Commentary

Flacco earns Super respect

MVP shrugs off pressure, blackout to win the big one

Chicago TribuneFebruary 4, 2013 

— MIDWAY through the third quarter of Sunday night’s Super Bowl XLVII, a Superdome spokesman issued a statement to explain what happened during the surreal 34-minute delay when the lights went out.

“Power has been restored,” Eric Eagan said. “We sincerely apologize for the incident.”

Forgive Ravens coach John Harbaugh and the city of Baltimore if they bristle at the apology. How does one say I’m sorry for almost costing you the Super Bowl anyway?

The Ravens’ commanding 28-6 lead quickly became a one-possession game when the 49ers scored two touchdowns in 2 minutes, 21 seconds after the outage to seize momentum. Indeed, electricity had returned to the building and suspense suddenly filled the air again in a game that came down to the final tick.

All the while, Joe Flacco shrugged his way to becoming the Super Bowl most valuable player in a 34-31 victory over the 49ers.

Flacco had waited five years to establish himself as an elite NFL quarterback. No embarrassing snafu at the Superdome delaying the inevitable for another half-hour was going to unnerve the coolest Joe since Montana. No fourth-quarter drama was going to faze the unflappable quarterback who showed his most emotion of Super Bowl week celebrating as confetti fell around him.

Go ahead and believe that linebacker Ray Lewis willed a 10-6 Ravens team to a world title if you wish. But the Ravens winning four straight postseason games had more to do with Flacco emerging as a $20 million quarterback than Lewis retiring as a first-ballot Hall of Famer. Flacco deserved more attention, but the Big Easy story revolved around Lewis and whether he took a banned substance made of deer-antler extract.

Interest in Lewis overshadowed the importance of Flacco.

With 7:14 left in the game with the Ravens leading 31-29, Flacco reminded America. On third-and-1 at the Ravens’ 45, Flacco checked the play at the line when he noticed 49ers cornerback Carlos Rogers lined up in man coverage against wide receiver Anquan Boldin. The back-shoulder throw Flacco made to Boldin for a 15-yard gain displayed the smarts and accuracy for which he has become known. The completion led to a field goal that made the 49ers need a touchdown instead of a field goal to win on their final, frantic drive.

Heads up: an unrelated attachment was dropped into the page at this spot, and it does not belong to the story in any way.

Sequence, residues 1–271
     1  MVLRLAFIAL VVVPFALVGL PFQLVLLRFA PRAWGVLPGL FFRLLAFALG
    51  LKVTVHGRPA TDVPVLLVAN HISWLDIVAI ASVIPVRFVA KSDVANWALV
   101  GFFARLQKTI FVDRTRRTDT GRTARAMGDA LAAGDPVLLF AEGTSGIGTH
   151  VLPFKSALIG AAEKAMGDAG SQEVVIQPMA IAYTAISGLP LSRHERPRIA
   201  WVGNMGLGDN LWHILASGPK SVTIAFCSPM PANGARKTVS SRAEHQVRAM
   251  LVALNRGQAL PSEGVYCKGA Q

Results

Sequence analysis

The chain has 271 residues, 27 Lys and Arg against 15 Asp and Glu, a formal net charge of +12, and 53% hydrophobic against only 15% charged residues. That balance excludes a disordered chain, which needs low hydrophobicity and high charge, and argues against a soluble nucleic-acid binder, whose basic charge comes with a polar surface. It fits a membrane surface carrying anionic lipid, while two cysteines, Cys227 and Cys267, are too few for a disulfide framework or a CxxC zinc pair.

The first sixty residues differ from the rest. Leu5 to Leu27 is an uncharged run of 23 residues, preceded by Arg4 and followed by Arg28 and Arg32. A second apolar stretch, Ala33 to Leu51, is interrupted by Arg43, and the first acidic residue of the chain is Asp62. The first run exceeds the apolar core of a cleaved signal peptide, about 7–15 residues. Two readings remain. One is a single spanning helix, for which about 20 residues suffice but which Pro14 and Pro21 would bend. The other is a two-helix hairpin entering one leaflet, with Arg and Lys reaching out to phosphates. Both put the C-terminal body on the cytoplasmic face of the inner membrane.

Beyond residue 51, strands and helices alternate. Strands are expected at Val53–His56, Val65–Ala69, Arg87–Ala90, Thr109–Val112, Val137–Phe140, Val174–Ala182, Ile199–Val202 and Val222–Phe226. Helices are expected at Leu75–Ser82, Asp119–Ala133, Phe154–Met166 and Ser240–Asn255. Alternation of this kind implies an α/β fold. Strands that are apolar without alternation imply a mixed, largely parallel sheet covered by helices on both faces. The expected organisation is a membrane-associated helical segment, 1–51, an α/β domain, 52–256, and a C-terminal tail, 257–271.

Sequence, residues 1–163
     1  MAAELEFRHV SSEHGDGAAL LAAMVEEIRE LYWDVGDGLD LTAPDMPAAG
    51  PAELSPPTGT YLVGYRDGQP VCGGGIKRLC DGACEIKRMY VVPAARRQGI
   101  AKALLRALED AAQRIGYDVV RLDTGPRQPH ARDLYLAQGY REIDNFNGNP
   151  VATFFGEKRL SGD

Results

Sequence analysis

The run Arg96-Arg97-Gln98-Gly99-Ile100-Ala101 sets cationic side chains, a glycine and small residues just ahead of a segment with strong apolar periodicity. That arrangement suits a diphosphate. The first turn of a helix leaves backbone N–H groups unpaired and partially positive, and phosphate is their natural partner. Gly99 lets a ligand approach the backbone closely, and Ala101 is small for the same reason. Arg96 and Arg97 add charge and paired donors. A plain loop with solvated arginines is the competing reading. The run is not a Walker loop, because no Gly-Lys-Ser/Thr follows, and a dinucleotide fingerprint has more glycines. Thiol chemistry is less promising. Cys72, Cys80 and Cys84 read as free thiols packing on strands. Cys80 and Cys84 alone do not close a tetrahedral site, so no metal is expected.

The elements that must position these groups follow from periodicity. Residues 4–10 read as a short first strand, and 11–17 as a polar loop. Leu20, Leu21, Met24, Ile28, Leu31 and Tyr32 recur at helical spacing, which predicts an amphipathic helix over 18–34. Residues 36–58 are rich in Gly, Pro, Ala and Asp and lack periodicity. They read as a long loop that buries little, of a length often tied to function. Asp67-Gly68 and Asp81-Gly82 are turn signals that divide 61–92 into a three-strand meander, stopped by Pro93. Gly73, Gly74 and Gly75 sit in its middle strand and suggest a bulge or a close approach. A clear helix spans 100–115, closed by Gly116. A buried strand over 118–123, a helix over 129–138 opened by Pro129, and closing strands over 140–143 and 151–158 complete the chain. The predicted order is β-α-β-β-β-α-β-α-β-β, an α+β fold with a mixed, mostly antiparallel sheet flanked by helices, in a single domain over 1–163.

The 49ers came up short when Colin Kaepernick threw a fade route into the corner of the end zone intended for Michael Crabtree that sailed over his head, ending a day in which the difference in experience between the two starting quarterbacks was glaring. Kaepernick was making his 10th NFL start in the Super Bowl. Flacco was making history.

This is the wrong time for Bears fans to remember that the Ravens picked Flacco with the 18th pick of the first round of the 2008 NFL draft — four picks after their team chose offensive tackle Chris Williams. Never have the Ravens looked smarter for taking a chance on the laid-back leader out of Delaware with the big arm we saw again.

In the first time-capsule moment of Super Bowl XLVII in the second quarter, Flacco looked deep and unleashed a pass for wide receiver Jacoby Jones two steps behind the 49ers defense. When the underthrown ball finally got to Jones, he caught it, fell and raced laterally toward the end zone, outrunning the defenders who had caught up.

On the Super Bowl highlight they will be watching for ages, Jones finally lunged across the goal line to complete a 56-yard touchdown reception and cap a sequence that served as a fitting metaphor for Flacco’s success.

The winning play was perfectly imperfect, just like the man who authored it — the man who now stands to cash in as an unrestricted free agent after another clutch performance in money time. Flacco completed 22 of 33 passes for 287 yards three touchdowns for a passer rating of 124.2. Those weren’t elite statistics; they were unheard-of numbers for a quarterback playing in his first Super Bowl.

Yet Flacco keeps building a postseason legacy comparable only to quarterbacks enshrined in Canton. He now has a 9-4 postseason record and threw 11 touchdowns in these playoffs without an interception. He would have led the Ravens to the Super Bowl last season if wide receiver Lee Evans wouldn’t have dropped a pass in the AFC championship game against the Patriots.

He isn’t fleet-footed or quick-witted and nobody on Madison Avenue has lined up at Flacco’s door — yet. Flacco’s dad even was quoted last week calling his son dull, not that Flacco disagreed.

“It’s just who I am,” he said.

Boring not only was better for Flacco but contributed to making him the best on a night he shined for four quarters, no matter how dark things looked.

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